Film Review – Me Before You
Me Before You
The sappiness runs deep with Me Before You (2016). In the pantheon of schmaltzy romances, this one fits the requirements completely. It panders to the common tropes: The Lonely Outcast Protagonist? Check. The Romantic Interest With A Tough Shell But A Heart Of Gold? Double check. An Obstacle That Both Characters Overcome To Fall In Love (Preferably Medical)? Triple check. Montages? Quadruple check. By the time the plot entered the second half, I started mentally predicting what would unfold. Unsurprisingly, I wasn’t too far off. People that go into this will already have an affinity for it, others will steer away.
It’s strange in movies about partnerships where one has a disability that a production would choose the healthy person as the POV character and give them the central emotional arc. In Rain Man (1988), Tom Cruise’s Charlie learns to be a better brother to Dustin Hoffman’s autistic Ray. Are we supposed to think, “It’s a good thing this able person met someone with a crippling disability and through their interaction learned to live life to the fullest?” There’s something strangely…wrong about that. Of course, it all depends on execution. I’m sure there are instances where this premise has been done with a sensitivity that makes it work, but it’s a slippery slope.
I’m not so sure it works this time. Lou (Emilia Clarke) is a twenty-something trying to figure her life out. Often times her work involves pleasing other people. She sticks with her boyfriend Patrick (Matthew Lewis) even though neither of them have much in common, and takes any job she can to help support her family. But through everything, Lou maintains a brightly optimistic persona. I wonder how much Emilia Clarke’s face hurt from having to smile so much. There is barely a moment where Lou isn’t flashing those pearly whites and seeing everything with a silver lining. Her attitude is reflected in her clothing, made up of furry sweaters, colorful scarves, and a pair of black and yellow leggings she treasures like gold.
Through an employment agency, Lou gets hired as an assistant caregiver and thus meets Will (Sam Claflin), a recently paralyzed man. Will was once a hotshot businessman, but a sudden traffic accident has left him in a wheelchair, needing near 24 hour surveillance. The accident has left Will in a troubling place. Having his entire world flipped upside down and now trapped in his own body, Will descends into a depression his parents fear he will not come out of. Luckily, they’ve hired the most positive thinking caregiver in England.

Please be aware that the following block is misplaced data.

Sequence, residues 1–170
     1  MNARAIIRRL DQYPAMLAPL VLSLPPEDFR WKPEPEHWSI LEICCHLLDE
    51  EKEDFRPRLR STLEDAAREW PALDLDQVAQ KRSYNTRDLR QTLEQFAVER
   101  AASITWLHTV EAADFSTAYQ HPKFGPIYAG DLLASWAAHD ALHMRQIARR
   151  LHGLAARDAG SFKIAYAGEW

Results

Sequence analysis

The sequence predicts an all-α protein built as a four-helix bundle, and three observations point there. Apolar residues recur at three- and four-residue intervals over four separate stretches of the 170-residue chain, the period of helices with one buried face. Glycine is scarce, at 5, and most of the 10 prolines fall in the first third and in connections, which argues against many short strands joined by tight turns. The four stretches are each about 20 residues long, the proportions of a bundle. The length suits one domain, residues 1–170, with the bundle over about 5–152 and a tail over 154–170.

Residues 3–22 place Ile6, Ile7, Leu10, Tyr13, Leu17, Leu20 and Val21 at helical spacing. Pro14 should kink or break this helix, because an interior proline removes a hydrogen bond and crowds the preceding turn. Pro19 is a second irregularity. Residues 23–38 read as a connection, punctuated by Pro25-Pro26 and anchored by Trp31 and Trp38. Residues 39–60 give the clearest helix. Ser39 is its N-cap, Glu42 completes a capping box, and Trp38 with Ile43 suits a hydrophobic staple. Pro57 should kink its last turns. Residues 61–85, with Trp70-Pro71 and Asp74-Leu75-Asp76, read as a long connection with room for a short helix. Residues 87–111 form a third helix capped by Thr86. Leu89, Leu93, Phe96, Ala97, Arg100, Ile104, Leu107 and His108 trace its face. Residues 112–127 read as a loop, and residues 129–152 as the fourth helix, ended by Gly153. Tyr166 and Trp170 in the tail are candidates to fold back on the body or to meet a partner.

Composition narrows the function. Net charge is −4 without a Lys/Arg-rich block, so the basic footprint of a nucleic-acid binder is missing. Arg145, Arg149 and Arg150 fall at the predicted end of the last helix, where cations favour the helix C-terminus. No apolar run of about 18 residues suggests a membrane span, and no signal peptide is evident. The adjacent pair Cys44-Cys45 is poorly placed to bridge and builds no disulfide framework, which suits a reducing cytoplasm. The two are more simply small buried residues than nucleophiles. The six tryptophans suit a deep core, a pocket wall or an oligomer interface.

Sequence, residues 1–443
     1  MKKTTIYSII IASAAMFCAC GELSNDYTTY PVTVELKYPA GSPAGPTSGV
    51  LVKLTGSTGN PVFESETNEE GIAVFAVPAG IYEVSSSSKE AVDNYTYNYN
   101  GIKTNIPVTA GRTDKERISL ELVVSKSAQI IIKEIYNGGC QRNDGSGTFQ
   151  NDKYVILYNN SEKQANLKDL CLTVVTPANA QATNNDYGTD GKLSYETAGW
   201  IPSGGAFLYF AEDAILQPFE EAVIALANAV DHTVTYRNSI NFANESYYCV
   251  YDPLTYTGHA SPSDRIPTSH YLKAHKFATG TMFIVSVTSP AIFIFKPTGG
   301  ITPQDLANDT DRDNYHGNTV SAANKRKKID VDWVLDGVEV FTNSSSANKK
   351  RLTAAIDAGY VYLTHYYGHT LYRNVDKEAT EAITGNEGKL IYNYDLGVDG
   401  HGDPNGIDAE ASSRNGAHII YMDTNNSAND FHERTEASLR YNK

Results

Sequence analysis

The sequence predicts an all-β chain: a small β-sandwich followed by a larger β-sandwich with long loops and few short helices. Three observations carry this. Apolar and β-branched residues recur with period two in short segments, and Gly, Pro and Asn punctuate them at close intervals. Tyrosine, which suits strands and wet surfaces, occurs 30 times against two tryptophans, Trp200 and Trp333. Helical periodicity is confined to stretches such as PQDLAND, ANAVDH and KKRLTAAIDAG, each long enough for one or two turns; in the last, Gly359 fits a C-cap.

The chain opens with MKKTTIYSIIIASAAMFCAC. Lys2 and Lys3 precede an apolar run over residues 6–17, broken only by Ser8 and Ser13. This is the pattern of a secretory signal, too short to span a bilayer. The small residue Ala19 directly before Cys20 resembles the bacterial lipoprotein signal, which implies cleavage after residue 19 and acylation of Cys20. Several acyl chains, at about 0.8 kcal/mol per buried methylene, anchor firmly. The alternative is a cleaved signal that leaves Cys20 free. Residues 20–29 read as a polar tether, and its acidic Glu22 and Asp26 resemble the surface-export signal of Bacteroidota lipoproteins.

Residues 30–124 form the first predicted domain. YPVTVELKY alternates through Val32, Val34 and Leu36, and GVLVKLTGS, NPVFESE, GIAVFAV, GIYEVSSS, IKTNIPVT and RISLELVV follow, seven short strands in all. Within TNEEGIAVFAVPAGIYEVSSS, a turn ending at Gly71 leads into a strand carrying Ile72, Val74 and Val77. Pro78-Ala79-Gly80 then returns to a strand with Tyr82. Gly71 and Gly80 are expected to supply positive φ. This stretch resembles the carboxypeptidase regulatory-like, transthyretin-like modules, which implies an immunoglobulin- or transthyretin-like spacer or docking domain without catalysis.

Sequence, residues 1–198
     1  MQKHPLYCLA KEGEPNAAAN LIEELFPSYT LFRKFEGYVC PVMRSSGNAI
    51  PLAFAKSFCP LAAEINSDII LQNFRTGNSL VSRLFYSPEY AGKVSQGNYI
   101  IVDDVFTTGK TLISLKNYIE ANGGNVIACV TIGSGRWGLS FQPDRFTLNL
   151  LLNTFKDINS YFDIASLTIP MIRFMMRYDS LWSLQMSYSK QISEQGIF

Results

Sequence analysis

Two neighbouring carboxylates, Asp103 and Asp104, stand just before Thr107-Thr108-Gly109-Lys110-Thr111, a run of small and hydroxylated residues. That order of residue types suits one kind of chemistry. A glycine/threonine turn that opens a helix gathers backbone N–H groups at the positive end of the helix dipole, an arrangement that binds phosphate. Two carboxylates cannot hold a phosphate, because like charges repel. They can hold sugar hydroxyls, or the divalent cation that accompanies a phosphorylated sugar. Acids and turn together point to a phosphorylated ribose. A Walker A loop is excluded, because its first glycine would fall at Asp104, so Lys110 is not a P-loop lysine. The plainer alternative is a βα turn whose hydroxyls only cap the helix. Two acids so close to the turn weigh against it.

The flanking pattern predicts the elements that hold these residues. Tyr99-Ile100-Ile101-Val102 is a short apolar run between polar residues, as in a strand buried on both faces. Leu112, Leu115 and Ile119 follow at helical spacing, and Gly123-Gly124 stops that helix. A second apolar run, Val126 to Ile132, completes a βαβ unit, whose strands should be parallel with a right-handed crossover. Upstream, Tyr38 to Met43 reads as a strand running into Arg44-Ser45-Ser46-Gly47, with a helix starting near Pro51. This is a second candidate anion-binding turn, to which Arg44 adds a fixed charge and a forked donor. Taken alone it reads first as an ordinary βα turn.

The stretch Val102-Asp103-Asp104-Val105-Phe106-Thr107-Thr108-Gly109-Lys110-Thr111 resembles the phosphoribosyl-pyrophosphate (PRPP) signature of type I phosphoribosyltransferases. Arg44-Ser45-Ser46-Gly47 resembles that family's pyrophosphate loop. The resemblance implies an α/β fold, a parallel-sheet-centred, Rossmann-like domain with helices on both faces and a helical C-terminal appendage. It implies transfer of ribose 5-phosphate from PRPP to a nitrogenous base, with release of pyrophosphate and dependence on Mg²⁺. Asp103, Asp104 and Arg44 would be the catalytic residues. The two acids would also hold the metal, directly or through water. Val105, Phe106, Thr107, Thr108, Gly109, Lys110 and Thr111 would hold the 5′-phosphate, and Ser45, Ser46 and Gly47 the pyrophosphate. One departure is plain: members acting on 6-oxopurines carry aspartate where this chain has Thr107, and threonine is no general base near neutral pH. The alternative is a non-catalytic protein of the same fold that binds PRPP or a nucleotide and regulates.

You kind of see where this is all going, right? Thea Sharrock directs Jojo Moyes’ screenplay (adapted from Moyes’ novel) with little to no surprises. We know that Lou and Will will develop romantic feelings for each other. Will’s paralysis will stand as a metaphor for Lou’s situation, causing her to see all the exciting things life has to offer. Good for her, right? There’s a repeating butterfly motif to amplify this theme in case we forget. The plot shoots directly at the heartstrings without shame, catering to base level emotion regarding love, relationships, depression, and even death.
There is no subtlety about what is happening. Characters speak directly and exactly about how they’re feeling. Dramatic scenes are pushed to get the most reaction out of the audience, stocked with that familiar piano music to help get the point across. The direction and camerawork has a stale and unremarkable style, except for one particular scene. During a heated conversation between Will and Lou along a beach, Will gets left in a state of agitation sitting on the sand. In the very next shot, the editing cuts to the same location the next morning, Will nowhere to be found. There were a few giggles at this amongst the screening audience, the implication being that Will was so distraught that he took his wheelchair and rolled into the ocean to kill himself.
Emilia Clarke and Sam Claflin do share chemistry together. They look good as a couple onscreen, and some of the relationship building have a natural, relaxed groove. I liked seeing them simply talking, passing quips and having a laugh, that’s when they were at their best. It’s only when they’re required to play to the limitations of their characters that the spell breaks. Emotionally charged scenes felt over the top, lacking authenticity and delving into the icky manipulation that plagues the genre.
I don’t mind a movie wanting to get a specific reaction out of me, but it has to earn it through creativity, skill, and intelligence. Me Before You takes the cheap and easy way out, doing anything it can to generate sympathy. It doesn’t have anything interesting to say about its themes or characters – they all exist within a generic and simplified love story. It’s a painting done by numbers and nothing more.